From 1915 to 1996 Bill Palmer and the Miramichi river were inseparable. His first trip on the fabled New Brunswick river was in the early 1920s, in a rowing canoe. For more than seven decades, “Mr. Miramichi” – an educator, instructor, and inspiration – was instrumental in introducing thousands to the joys and pleasures of canoeing. For 18 years, he supervised the University of New Brunswick-sponsored canoeing school. He founded the Atlantic Canada canoe instructor’s school. Through the years he conducted hundreds of clinics for novices and experts, Girl Guides and Boy Scouts, church groups, and the public. Bill was the reason many life-long friends of Canoeing got involved. He was an instructor at the 1st “Atlantic” National Canoe School in NS in 1973 and again in 1974.
For his considerable efforts, “Miramichi” Bill Palmer was made a lifetime member of Canoe New Brunswick (CNB). He received the Canadian Recreational Canoeing Association’s Award of Merit in 1990 for his contributions to canoeing in Canada, Bill, then in his late seventies,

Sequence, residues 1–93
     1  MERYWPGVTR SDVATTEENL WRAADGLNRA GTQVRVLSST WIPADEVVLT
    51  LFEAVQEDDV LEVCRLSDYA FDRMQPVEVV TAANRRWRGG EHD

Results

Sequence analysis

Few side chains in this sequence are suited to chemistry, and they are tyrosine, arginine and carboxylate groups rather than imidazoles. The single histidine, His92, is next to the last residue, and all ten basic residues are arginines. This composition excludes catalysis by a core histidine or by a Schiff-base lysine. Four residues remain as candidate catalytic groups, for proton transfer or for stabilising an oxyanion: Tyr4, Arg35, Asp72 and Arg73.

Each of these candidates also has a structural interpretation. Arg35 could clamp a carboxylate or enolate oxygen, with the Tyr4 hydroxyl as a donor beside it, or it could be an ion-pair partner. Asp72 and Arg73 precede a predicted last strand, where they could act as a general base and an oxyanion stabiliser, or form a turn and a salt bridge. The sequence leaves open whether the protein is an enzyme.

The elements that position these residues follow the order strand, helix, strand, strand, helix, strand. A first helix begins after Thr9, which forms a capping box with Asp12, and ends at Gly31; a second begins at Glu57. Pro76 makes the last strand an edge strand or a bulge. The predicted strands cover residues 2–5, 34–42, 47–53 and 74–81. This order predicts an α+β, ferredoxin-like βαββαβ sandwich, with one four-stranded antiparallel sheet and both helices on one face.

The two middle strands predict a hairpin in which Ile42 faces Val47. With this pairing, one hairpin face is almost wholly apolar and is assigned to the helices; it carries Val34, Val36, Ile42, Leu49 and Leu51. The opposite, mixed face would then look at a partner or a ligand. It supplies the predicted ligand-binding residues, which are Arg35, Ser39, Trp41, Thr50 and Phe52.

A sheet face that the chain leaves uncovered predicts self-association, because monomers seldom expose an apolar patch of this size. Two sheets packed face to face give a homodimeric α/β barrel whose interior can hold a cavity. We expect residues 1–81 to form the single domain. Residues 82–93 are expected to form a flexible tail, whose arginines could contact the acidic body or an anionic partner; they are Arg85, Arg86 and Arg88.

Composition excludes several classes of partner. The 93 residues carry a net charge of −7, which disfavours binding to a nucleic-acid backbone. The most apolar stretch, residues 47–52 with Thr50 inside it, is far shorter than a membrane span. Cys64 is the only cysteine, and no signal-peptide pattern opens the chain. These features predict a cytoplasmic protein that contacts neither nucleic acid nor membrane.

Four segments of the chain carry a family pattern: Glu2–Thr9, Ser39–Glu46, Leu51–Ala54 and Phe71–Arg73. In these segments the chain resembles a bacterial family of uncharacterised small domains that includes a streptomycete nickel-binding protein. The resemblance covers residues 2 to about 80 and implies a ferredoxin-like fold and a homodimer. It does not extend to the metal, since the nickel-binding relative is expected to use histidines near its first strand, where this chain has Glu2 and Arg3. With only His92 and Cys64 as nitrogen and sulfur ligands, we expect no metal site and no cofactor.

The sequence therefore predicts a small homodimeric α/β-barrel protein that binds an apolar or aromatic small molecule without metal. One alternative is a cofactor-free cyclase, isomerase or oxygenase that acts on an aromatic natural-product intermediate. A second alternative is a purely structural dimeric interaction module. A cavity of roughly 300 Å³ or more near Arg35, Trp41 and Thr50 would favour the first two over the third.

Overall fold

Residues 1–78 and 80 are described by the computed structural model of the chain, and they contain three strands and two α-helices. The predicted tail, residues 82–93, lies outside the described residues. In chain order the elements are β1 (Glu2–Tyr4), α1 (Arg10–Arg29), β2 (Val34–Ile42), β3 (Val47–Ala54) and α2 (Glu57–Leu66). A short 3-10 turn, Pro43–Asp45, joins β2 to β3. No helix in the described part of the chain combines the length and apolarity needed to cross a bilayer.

Bill is considered as the “Grandfather of Canoeing” in NB. He worked with the Provincial “Department of Youth”. His responsibilities included the promotion and teaching of canoeing. One of his key allies and paddling friend was Henry Lounder, an employee at Mactaquac Provincial Park near Fredericton. Henry was in the CRCA Cross Canada Voyageur event and Bill was involved in the New Brunswick leg.
In the early years of CNB, the association held many introductory courses throughout the province and where there were very few instructors, it was Bill and a handful of others who were travelling to run the courses. Over time, clubs were formed in these areas and they in turn developed their own instructors thus greatly easing the responsibility on Bill and the others.
In 1976 Bill and CRCA Director Richard Faulkner conducted NB’s first canoe school – a 5-day Canoe Camping Program at Magaguadavic Lake.
In 1991 Bill also attended the first CRCA Coastal Paddling Course on the Bay of Fundy. On one of the two days the group paddled a challenging 8 nautical mile stretch and Bill held his own against a strong tide and wind – he was 76 years young. Bill was a short, wiry military veteran – tough, determined and never looking for any favour because of his age. Bill passed away in 1996
Written by J. Eberhard
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